I agree with Andrew B, except that for readability purposes I would not recommend using only whitespace there. Use the @ symbol or the fully qualified name of the zone ("mydev.") in that spot to make things significantly more readable. Disk space is no longer expensive and saving a few characters at the expense of having a file where you don't understand what the zone parser is doing is not a win.
To explain a little further, each resource record declaration consists of a label, a ttl, a class, a type, and a value. But you can leave out any of those except the value and they will be inherited from above.
The snippet you have posted is trying to declare records with name "mydev." for records of class IN and type SOA, NS, MX, and A, but because you've left out important whitespace at the beginning of the lines for the NS, MX, and A record declarations you're running into problems.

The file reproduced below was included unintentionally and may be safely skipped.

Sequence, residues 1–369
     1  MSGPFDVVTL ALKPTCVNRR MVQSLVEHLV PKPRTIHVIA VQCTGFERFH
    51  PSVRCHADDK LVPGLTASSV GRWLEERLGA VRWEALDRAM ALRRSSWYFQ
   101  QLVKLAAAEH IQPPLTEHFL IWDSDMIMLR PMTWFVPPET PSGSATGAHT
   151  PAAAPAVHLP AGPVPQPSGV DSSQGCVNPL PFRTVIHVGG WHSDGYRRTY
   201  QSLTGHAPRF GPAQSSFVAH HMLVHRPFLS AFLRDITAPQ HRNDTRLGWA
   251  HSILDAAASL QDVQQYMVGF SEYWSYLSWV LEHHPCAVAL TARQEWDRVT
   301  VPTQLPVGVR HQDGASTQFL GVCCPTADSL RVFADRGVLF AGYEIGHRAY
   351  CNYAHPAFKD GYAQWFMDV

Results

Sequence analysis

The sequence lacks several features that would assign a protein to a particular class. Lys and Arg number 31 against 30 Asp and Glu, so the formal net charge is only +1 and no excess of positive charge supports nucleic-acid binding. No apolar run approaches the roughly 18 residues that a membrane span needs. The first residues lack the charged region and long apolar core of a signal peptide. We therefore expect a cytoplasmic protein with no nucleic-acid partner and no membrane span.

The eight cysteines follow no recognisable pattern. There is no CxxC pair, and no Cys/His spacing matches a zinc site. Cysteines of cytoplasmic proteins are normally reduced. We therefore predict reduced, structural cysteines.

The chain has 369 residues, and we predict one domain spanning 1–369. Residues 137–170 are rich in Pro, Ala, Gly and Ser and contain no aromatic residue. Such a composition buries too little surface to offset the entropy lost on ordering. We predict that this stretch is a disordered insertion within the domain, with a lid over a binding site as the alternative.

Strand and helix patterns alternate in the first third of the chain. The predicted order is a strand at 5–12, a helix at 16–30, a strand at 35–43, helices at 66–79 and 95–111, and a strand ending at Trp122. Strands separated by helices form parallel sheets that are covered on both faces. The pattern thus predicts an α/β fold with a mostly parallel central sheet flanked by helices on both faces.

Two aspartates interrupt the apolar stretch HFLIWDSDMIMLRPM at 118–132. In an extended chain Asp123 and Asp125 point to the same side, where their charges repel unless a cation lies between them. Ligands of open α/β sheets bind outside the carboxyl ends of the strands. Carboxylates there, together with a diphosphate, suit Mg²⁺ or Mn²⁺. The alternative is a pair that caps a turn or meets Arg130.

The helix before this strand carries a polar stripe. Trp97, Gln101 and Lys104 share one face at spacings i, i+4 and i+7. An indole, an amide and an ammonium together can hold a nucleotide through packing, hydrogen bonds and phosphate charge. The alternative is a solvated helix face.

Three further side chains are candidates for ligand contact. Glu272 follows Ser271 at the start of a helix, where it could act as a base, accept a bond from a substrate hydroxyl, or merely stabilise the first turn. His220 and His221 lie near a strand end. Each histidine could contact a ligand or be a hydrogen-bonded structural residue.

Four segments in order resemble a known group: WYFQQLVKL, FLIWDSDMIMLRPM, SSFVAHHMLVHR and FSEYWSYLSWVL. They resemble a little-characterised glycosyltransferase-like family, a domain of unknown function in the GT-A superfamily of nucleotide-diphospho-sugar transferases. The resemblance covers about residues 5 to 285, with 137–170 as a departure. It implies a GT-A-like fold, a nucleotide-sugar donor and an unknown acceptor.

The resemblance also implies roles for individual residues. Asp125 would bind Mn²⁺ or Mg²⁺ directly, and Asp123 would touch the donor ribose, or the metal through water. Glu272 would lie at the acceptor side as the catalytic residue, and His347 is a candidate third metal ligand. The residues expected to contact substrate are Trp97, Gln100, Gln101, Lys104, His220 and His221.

If the items surrounded in square brackets are inherited defaults, instead of:
[mydev.] IN NS mydev.
[mydev.] IN MX 10 mydev.
[mydev.] IN A 220.127.116.11
you are inadvertently declaring:
IN.[mydev.] [IN] NS mydev.
IN.[mydev.] [IN] MX 10 mydev.
IN.[mydev.] [IN] A 18.104.22.168
and as a result no NS record is ever declared for plain old:
mydev. IN NS mydev.
resulting in the error message you are seeing, "zone mydev/IN: has no NS records"